Let's hear it for Marilyn Joi. Between 1972 and 1989, this Babe of Yesteryear made indelible as well as blink-and-you-miss-her appearances in a variety of fondly remembered, unjustly forgotten, or gladly overlooked grindhouse products. But fame (and non-fame) is a fickle thing, especially in the nether regions of exploitation movies, and although Ms. Joi always exuded a memorable presence and has some notable films in her resume, she never became a "name" — hell's bells, more people know the name Jean Bell than they do Marilyn Joi,* although Joi arguably displayed far greater thespian talent, far more variety of facial expression, and definitely appeared in a larger number of noteworthy movies. Indeed, "Joi brought variety and a measure of depth to her big and small screen performances. She never walked through a role and she knew the meaning of nuance. She could be a bad girl, a traditional action film heroine, or a light comedienne of considerable charm. [Bob McCann in Encyclopedia of African American Actresses in Film and Television]"
To that, we might add that she had a killer figure and she was sexy, and she had fabulous eyes.
* Perhaps due in part to Ms. Bell's status of being one of the first Afro-American women to get nekkid in Playboy, while Ms. Joi only did cheesecake for race-specific publications like Players, "the Black Playboy". (Although, according to Ms. Joi, "I did do some [nude] pictures, but they were never published. I'm sure they're floating around somewhere."**) The original photo of the above altered image — found at Pulp International — is actually a cover photo from Players. Players deemed Marilyn "America's Favorite Black Poster Girl" in 1980 and, two years later, voted her one of "America's Ten Sexiest Black Women" — and she was.
** Quote taken from an informative interview published in Shock Cinema #16 in 2000, which can be found at the Internet Archives. We make extensive use of that interview in the following blog entry. For those of you who don't know Shock Cinema, it is one of the best magazines around, particularly for people who waste their lives reading sites like this one. Check it out, buy an issue — you'll love it!
A beautiful and bubbly Marilyn Joi interviewed:
"Marilyn Joi" was born 22 May 1945 in New Orleans, Orleans Parish, Louisiana, USA. Her full real name is not general knowledge, though her real first name seems to be "Mary"; on screen, she was at times also credited as Tracy King, Tracy Ann King, T.A. King and even Anita King. She is alive and well and (unlike us) on twitter. A true Babe of Yesteryear, her film career was much too short and she is unjustly unknown — which is why we here at a wasted life have decided to take one of our typically meandering and unfocused looks at her filmography. If it's even more meandering and unfocused than usual, well, in this was researched and written while on coronavirus lockdown and we had more time on our hands.
As always, we make no guarantee that anything we write is 100% correct (feel free to tell us where we're wrong — preferably in a non-trolly tone of voice). And if we missed a film, let us know…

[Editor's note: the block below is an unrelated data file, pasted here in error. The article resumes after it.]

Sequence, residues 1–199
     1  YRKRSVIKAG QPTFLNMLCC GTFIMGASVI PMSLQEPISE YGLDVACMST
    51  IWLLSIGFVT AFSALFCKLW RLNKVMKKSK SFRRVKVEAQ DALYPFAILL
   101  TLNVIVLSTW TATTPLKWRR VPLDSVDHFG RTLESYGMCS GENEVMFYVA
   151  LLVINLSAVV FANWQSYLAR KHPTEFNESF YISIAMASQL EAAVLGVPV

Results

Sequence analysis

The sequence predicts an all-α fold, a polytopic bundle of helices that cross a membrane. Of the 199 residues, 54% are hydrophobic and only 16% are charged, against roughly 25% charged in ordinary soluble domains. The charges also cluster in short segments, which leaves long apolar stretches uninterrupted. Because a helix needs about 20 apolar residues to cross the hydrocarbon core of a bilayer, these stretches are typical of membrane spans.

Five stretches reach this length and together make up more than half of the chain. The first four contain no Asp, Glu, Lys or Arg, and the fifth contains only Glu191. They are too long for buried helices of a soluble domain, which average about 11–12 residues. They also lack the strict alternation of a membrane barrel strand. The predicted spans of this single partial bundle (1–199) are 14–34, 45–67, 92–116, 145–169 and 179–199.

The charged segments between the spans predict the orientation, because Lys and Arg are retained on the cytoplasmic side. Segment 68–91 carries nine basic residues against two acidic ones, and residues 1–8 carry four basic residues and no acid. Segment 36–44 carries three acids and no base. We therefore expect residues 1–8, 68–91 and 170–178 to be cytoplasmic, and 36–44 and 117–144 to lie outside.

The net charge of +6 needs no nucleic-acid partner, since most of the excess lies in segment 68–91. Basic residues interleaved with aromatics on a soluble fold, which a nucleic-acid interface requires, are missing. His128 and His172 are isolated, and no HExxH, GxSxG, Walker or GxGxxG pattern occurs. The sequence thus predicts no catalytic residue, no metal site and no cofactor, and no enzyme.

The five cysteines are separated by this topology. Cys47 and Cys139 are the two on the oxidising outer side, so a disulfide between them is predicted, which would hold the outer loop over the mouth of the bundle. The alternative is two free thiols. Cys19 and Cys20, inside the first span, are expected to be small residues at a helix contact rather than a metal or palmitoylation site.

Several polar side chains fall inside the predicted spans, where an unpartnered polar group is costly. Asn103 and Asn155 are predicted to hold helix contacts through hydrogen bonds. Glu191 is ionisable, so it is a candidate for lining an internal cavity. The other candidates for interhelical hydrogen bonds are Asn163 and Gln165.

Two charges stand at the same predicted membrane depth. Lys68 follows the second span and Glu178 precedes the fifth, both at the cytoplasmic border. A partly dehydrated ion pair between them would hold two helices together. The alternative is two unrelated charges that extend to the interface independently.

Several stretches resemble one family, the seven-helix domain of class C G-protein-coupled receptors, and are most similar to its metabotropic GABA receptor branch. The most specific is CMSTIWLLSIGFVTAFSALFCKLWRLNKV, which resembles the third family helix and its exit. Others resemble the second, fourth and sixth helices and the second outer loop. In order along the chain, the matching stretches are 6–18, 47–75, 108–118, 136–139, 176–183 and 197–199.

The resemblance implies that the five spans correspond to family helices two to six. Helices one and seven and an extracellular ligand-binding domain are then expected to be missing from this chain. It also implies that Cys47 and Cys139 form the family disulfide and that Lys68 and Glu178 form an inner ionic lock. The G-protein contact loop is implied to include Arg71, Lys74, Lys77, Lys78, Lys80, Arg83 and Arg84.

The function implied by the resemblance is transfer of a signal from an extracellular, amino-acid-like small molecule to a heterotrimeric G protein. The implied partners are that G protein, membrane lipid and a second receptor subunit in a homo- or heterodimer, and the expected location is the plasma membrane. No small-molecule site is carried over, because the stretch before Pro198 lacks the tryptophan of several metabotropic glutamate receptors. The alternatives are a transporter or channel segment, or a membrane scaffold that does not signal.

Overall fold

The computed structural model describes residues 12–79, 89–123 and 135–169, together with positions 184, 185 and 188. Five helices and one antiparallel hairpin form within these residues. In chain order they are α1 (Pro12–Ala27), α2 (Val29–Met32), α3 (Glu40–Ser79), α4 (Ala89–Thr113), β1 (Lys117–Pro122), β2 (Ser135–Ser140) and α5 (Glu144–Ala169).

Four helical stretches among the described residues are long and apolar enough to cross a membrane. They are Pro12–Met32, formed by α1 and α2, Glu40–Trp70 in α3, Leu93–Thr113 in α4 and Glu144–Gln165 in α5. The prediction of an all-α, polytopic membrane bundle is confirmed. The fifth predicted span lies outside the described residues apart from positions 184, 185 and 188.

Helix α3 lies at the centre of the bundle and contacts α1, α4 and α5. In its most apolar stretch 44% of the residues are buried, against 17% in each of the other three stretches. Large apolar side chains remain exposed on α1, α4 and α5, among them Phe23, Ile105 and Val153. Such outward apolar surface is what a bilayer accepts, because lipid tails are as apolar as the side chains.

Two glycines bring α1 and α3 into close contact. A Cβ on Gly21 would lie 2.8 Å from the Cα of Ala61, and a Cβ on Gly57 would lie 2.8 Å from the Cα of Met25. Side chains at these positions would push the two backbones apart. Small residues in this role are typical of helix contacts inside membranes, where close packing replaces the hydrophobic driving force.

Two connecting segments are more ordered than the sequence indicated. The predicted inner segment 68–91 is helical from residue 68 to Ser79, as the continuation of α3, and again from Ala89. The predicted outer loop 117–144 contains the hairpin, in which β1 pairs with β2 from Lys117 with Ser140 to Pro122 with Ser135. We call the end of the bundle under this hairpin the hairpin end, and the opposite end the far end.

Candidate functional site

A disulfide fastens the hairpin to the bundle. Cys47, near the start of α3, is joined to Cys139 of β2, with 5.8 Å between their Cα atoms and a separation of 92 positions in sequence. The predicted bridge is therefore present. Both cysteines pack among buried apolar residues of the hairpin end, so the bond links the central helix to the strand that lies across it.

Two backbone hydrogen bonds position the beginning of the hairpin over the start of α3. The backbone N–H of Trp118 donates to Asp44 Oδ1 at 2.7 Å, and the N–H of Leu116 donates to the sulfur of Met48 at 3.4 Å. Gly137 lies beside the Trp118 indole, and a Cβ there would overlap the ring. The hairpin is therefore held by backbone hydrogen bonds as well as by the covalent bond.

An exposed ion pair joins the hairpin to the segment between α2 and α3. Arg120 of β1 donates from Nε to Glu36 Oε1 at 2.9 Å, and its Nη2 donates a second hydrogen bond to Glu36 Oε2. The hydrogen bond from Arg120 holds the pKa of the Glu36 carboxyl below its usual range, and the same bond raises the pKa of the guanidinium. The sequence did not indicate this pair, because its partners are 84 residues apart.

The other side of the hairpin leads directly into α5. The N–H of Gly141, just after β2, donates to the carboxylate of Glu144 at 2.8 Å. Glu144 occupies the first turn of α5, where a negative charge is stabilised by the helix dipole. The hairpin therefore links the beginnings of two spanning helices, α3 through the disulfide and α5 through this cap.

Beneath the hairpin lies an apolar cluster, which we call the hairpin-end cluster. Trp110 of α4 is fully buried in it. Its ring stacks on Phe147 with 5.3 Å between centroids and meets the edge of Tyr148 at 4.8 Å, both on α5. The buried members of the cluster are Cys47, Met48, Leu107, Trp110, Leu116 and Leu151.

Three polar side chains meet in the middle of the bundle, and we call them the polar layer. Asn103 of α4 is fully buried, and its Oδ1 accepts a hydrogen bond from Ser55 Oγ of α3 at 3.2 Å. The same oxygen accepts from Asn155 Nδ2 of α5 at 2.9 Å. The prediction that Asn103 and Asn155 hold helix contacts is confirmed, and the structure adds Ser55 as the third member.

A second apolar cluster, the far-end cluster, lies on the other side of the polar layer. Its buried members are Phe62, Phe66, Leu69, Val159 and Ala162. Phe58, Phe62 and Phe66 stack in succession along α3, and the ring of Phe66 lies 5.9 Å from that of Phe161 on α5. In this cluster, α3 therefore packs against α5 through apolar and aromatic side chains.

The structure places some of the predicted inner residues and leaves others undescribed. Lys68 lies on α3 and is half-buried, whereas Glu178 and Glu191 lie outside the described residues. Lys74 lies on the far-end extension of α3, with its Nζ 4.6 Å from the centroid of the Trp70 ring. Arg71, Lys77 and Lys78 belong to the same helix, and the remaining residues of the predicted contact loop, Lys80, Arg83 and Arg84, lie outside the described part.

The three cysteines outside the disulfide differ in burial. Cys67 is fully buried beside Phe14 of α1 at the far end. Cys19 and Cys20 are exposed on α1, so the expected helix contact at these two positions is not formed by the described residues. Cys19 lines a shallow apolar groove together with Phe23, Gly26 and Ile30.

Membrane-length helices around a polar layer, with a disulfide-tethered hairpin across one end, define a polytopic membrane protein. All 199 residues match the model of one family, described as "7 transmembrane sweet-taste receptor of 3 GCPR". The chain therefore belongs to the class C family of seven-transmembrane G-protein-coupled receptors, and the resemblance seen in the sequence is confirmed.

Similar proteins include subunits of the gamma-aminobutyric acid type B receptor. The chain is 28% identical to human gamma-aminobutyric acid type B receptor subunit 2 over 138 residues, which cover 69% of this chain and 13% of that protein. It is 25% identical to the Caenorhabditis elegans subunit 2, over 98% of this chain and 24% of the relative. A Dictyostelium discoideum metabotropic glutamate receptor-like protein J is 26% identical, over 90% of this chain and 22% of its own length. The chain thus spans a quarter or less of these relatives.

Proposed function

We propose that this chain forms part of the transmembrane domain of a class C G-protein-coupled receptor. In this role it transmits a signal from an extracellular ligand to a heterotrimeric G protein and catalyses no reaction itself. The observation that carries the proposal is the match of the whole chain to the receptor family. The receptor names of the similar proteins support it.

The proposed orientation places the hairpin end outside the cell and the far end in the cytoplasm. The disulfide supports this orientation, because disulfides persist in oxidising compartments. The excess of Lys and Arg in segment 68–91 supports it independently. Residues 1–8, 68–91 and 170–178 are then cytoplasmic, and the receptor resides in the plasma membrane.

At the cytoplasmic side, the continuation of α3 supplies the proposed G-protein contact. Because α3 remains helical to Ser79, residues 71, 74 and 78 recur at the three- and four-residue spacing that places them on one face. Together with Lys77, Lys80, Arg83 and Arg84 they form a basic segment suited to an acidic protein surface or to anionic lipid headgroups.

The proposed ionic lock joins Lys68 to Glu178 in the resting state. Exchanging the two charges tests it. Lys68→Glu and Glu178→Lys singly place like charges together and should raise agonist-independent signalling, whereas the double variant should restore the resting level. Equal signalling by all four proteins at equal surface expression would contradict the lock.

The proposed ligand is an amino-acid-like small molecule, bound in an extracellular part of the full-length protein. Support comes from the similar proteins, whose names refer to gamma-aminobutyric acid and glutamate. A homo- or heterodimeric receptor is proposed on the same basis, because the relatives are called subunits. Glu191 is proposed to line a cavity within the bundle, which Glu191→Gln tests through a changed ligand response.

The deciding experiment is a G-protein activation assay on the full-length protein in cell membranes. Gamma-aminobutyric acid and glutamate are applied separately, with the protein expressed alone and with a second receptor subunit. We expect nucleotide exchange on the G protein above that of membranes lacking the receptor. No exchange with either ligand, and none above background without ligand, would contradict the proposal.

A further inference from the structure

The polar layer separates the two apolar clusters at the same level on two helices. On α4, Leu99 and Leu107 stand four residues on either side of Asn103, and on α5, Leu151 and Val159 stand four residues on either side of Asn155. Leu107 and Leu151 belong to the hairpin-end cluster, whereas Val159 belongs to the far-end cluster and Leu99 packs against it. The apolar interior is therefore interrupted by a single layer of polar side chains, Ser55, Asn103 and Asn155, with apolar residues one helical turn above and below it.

Hammer
(1972, dir. Bruce D. Clark)

"Women are like buses. Miss one, catch another."
Hammer (Fred Williamsom)

Marilyn Joi, credited as "Tracy King", made her film debut in a minuscule but noticeable role in this lesser classic from the early years of the Golden Age of Blaxploitation, a movie that is perhaps most notable now for having truly launched the film career of Fred "The Hammer" Williamson, seen below playing with a pussy (not from the movie).
Joi, seen below from the movie, was working as a dancer when, as she explains it, "[Hammer] just sort of fell on me, really. I was dancing, and someone came into the club and asked me, 'Do you want to be in a movie?' I was like, Yeah, right, sure!' (Laughs) That was Al Adamson, and he wanted me to do a dance [in the movie] with Vonetta McGee. [Shock Cinema #16]" As one might infer by the screenshot below, Joi does an S&M-themed strip show.
With Hammer, Al Adamson (25 July 1929 – 2 Aug 1995) acted only as a producer for a change, which might explain why the film displays somewhat greater directorial skill than most of his productions tend to: the New Zealand-born, now long-inactive director Bruce D. Clark — see: the trash anti-classic Galaxy of Terror (1981 / trailer) and the snoozer The Ski Bum (1971, with Zalman King / trailer) — may not have exactly been directorially talented, but his style definitely displayed greater mundane workmanship than Adamson's ever did. The screenplay is the first credited screenplay of Charles Eric Johnson, who went on to do a variety a blaxploitation films, the most famous being Slaughter's Big Rip-off (1973 / trailer), as well as the psychotronically fun Eddie Romero flick, Beyond Atlantis (1973 / trailer).
Trailer to
Hammer:
The plot to this "pretty decent slice of gritty 70's cinema [but] not something I would classify as an essential piece of blaxploitation cinema": "B.J. Hammer (Williamson) is a past-his-prime former boxer working the warehouse district of L.A. when he is fired after wiping the floor with a racist co-worker. Word of his fighting skills reach the ears of mafia-connected boxing promoter Big Sid (Charles Lampkin [17 Mar 1913 – 17 Apr 1989] of Five [1951 / trailer] and The Black Godfather [1974 / trailer]), who brings Hammer into his corner under the watchful eye of legit trainer the Professor (Mel Stewart [19 Sept 1929 – 24 Feb 2002] of The Bride of Re-Animator [1990 / trailer] and the film version of Iceberg Slim's Trick Baby [1972 / trailer]). Things look great for the boxer as he works his way through a series of victorious fights and he begins a relationship with Sid's secretary Lois (Vonetta McGee [14 Jan 1945 – 9 July 2010] of The Big Silence [1968]), but he begins to get some blow back from the neighborhood, who accuse the fighter of selling out to the Man. Furthermore, local cop Davis (Bernie Hamilton) is after Sid, who is dabbling in the drug trade. While Hammer initially refuses to believe his new employer is corrupt, his attitude changes when Sid demands he take a dive during the next big fight. Crushed by the request, Hammer refuses to take the dive but Sid's right-hand man Brenner, played by 70s baddie William Smith, threatens to kill Lois. [McBastard's Mausoleum]"